Viking Polymers LLC has acquired fellow compounder Hughes Processing Inc. for an undisclosed price.
Jamestown, N.C.-based Viking and Hughes, based in Costa Mesa, Calif., had worked together since 2004 on a variety of custom compound formulations, the companies said in a Sept. 1 news release.
Hughes' Costa Mesa facility closed in early July, and the firm's two twin-screw extrusion lines were moved to Viking's plant in Jamestown. Viking now operates more than 10 single-screw, twin-screw and mixing lines, said John Ammondson, Viking's president and majority owner.
The products acquired in the deal including a patented material based on acrylonitrile styrene acrylic are a natural extension of what we do, which is focus on high-quality custom compounds, Ammondson said in a Sept. 2 telephone interview.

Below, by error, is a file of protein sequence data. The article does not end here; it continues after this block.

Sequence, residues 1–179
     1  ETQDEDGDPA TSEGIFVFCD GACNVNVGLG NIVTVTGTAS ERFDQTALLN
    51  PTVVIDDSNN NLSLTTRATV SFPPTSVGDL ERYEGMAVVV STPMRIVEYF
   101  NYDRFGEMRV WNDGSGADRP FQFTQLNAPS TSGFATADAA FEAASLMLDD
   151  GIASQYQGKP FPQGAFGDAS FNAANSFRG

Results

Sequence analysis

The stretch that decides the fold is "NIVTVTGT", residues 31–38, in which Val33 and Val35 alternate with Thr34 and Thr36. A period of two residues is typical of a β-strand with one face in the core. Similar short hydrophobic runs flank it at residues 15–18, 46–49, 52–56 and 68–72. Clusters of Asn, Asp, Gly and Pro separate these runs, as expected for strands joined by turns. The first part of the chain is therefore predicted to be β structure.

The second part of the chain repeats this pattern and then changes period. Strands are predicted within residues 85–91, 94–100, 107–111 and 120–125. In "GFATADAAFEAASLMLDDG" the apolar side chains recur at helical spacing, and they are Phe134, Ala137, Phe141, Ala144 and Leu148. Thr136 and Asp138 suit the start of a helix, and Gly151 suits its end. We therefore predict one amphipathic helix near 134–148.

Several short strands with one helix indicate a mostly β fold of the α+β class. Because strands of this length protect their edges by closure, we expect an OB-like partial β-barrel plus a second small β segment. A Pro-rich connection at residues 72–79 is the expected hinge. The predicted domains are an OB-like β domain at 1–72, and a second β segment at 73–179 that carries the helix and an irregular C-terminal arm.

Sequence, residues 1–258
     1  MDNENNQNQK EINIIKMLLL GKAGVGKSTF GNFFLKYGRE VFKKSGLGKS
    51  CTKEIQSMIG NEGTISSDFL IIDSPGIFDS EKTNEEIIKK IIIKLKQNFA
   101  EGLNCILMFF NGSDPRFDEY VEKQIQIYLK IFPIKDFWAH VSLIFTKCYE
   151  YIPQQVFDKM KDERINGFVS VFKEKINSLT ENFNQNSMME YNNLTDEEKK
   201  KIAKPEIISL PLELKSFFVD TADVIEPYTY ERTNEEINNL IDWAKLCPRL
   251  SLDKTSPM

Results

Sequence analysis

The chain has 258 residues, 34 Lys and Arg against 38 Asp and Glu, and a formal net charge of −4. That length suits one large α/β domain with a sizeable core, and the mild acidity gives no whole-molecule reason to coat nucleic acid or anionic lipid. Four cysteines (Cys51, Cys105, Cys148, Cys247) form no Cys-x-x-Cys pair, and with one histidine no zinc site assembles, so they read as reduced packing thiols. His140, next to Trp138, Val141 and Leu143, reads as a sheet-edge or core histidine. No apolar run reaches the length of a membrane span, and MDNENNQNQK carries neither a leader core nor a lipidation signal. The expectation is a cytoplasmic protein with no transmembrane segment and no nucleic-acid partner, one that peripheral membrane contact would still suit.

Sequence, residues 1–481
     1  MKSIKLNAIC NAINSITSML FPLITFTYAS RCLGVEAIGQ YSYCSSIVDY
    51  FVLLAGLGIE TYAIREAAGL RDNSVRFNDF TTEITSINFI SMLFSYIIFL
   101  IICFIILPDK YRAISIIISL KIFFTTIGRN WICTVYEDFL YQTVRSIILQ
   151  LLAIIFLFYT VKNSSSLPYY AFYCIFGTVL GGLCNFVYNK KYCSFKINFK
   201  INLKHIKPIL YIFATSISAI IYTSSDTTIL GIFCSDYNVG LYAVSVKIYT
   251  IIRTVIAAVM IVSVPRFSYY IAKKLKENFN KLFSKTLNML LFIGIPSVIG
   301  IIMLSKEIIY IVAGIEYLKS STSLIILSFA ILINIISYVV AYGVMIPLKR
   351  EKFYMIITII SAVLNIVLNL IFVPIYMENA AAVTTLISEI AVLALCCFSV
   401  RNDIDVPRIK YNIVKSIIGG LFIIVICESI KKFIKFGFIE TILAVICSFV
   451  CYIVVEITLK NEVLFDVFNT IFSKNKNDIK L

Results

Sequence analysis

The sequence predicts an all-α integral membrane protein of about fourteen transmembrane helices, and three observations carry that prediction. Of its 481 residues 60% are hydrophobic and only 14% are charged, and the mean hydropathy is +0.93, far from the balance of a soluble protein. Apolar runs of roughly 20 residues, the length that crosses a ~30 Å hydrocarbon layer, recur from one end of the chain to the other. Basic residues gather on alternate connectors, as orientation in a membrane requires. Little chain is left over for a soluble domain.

Purchasing Hughes allows [Viking] to continue growing, he added.
The acquisition also includes Hughes' customer lists and its product formulations.
Hughes reported sales of $5 million in 2007, but Ammondson said its current annual total is less. He would not disclose Viking's sales.
Viking does most of its work in PVC, while Hughes' primary material is ABS. Viking also works with ASA, acrylic alloys, composite materials and chlorinated PVC in markets such as building and construction, industrial goods, aerospace and transportation.
Rod Hughes, who will remain with Viking as a consultant, formed his namesake company in 1973. He owned the firm with his son Thomas, who had served as president and CEO. Thomas Hughes has left the company but remains in the industry.
Viking was formed in 1994 when Ammondson and a partner acquired the assets of Higher Molding Co., which had operated for more than 30 years as a compounder of flexible PVC. Viking now employs 60 at a 79,000- square-foot plant.
The acquisition of Hughes is the first for Viking since it bought the merchant compounding business of Kleerdex Co. LLC in 2002.
Viking's largest end market is building and construction. Although that sector has struggled, sales have seen some bounce this summer, according to Ammondson.
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